Apatite in dentin has a much smaller crystallite size, higher carbonate content and is more susceptible to acidic dissolution than enamel apatite.
Hence, once the carious process enters the dentin, the demineralization rate is accelerated.
The term "caries" originates from Latin for "rot" or "rotten" prompted original researchers of the past two centuries to develop methods to counter this process of tooth decay or demineralization.
The heart of caries research and prevention lies in the opposition of these terms that is replacement or remineralization.
The scope of dentistry has evolved from only a curative one to a largely preventive one.
Nonfluoride remineralization: An evidence-based review of contemporary technologies.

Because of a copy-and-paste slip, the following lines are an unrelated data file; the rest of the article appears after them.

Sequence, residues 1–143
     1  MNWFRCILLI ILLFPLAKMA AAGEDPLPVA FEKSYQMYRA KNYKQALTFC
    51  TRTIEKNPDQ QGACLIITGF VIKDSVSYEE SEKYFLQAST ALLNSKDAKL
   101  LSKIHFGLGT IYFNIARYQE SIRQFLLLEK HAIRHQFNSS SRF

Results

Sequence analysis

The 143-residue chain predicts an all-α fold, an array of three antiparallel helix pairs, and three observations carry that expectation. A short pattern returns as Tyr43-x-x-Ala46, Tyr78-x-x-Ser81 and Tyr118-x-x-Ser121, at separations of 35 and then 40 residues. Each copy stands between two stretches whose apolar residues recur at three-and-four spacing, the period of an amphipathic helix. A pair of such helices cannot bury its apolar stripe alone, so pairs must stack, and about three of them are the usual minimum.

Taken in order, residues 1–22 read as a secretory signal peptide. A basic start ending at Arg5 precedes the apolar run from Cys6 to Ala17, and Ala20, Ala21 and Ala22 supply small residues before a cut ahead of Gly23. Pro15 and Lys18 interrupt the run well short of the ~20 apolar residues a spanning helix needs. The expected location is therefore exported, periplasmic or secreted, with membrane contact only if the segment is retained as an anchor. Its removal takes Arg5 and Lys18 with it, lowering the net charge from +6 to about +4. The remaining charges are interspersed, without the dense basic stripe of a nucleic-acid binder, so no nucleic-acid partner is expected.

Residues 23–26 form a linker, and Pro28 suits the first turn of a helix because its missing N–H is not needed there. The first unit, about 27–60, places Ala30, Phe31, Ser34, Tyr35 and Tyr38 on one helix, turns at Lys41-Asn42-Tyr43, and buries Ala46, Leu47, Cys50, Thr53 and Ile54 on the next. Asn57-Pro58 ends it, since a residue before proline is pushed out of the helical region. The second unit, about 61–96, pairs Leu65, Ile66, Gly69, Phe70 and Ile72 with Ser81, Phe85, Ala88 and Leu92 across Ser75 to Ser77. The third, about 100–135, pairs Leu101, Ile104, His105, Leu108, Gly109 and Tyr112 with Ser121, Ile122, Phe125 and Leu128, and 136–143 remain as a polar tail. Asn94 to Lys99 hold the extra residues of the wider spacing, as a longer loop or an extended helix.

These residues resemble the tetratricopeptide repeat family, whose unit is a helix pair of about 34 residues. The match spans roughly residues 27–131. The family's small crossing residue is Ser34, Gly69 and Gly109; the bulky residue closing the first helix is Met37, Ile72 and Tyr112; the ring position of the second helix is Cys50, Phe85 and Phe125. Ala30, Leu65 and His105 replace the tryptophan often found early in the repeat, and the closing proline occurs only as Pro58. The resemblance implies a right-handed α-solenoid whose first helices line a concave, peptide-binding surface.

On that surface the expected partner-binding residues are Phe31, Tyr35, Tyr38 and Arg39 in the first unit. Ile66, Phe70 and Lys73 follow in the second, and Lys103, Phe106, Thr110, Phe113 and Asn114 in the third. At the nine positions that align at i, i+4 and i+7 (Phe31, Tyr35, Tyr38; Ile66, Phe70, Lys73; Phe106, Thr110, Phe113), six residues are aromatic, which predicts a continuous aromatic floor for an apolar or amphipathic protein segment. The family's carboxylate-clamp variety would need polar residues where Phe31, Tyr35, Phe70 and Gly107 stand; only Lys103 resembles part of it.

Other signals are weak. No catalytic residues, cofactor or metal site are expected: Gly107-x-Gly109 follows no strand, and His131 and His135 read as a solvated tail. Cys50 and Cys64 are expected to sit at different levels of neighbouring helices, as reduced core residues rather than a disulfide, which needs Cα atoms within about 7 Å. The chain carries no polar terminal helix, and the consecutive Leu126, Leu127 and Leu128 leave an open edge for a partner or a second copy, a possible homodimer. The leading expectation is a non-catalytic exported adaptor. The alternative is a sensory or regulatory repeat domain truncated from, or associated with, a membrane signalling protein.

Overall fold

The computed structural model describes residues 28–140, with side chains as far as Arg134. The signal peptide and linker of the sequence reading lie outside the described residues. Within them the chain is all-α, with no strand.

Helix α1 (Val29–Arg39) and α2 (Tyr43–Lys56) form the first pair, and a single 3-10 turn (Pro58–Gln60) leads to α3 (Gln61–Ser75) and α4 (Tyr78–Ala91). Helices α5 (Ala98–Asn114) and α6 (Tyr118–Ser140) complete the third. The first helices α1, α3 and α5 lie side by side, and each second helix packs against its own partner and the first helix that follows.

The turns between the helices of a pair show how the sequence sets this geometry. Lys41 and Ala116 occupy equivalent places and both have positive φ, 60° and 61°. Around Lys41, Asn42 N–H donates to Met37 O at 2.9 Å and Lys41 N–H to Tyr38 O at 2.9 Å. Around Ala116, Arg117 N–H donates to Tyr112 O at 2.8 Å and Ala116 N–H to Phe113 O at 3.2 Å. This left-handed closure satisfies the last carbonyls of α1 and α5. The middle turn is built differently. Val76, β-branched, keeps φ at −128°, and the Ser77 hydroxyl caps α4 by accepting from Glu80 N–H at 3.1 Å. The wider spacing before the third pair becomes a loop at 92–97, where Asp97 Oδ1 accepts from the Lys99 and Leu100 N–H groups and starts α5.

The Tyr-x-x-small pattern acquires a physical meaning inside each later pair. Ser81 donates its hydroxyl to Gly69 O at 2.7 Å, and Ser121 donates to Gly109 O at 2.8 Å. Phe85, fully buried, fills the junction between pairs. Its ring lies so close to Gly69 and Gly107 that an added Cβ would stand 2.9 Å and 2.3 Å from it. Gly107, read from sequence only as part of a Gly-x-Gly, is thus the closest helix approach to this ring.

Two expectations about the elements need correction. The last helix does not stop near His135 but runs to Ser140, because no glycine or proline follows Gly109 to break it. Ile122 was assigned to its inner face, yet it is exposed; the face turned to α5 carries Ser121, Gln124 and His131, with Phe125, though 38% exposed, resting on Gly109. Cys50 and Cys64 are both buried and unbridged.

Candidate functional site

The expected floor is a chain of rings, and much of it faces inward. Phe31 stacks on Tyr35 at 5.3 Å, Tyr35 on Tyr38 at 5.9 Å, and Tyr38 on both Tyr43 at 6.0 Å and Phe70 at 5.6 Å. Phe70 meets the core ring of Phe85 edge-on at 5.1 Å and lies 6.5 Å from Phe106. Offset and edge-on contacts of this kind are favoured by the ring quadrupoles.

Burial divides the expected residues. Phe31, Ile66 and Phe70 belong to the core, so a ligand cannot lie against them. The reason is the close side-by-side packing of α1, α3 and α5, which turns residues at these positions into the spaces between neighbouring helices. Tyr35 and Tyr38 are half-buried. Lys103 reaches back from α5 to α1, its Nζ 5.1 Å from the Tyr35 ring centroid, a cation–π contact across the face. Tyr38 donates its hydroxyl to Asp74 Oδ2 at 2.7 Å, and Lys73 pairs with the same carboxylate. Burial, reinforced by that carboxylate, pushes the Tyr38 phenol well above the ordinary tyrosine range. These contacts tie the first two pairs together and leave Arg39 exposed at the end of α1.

This mineral loss leads to weakening of the mechanical properties and may lead to cavitation.
When oral p H returns to near neutral, Ca ions in saliva incorporate themselves into the depleted mineral layers of enamel as new apatite.
The initial stages of the carious lesion are characterized by a partial dissolution of the tissue, leaving a 2-50-μm thick mineralized surface layer and a subsurface lesion with a mineral loss of 30-50% extending into enamel and dentin.
In a clinical examination, the lesion will appear chalky white and softened.
Stannous fluoride and amine fluoride as well as numerous metallic ions have demonstrated antimicrobial effectiveness.